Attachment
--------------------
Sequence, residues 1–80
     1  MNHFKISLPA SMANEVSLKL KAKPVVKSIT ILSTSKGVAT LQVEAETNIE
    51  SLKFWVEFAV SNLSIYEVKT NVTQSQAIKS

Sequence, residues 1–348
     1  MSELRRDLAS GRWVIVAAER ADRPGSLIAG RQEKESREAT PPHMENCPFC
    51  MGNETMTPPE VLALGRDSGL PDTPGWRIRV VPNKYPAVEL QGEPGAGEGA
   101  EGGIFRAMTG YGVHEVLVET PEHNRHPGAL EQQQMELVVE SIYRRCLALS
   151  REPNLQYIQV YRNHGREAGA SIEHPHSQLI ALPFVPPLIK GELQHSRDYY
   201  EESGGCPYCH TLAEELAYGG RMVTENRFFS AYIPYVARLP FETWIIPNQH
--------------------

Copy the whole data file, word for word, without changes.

Sequence, residues 1–80
     1  MNHFKISLPA SMANEVSLKL KAKPVVKSIT ILSTSKGVAT LQVEAETNIE
    51  SLKFWVEFAV SNLSIYEVKT NVTQSQAIKS

Sequence, residues 1–348
     1  MSELRRDLAS GRWVIVAAER ADRPGSLIAG RQEKESREAT PPHMENCPFC
    51  MGNETMTPPE VLALGRDSGL PDTPGWRIRV VPNKYPAVEL QGEPGAGEGA
   101  EGGIFRAMTG YGVHEVLVET PEHNRHPGAL EQQQMELVVE SIYRRCLALS
   151  REPNLQYIQV YRNHGREAGA SIEHPHSQLI ALPFVPPLIK GELQHSRDYY
   201  EESGGCPYCH TLAEELAYGG RMVTENRFFS AYIPYVARLP FETWIIPNQH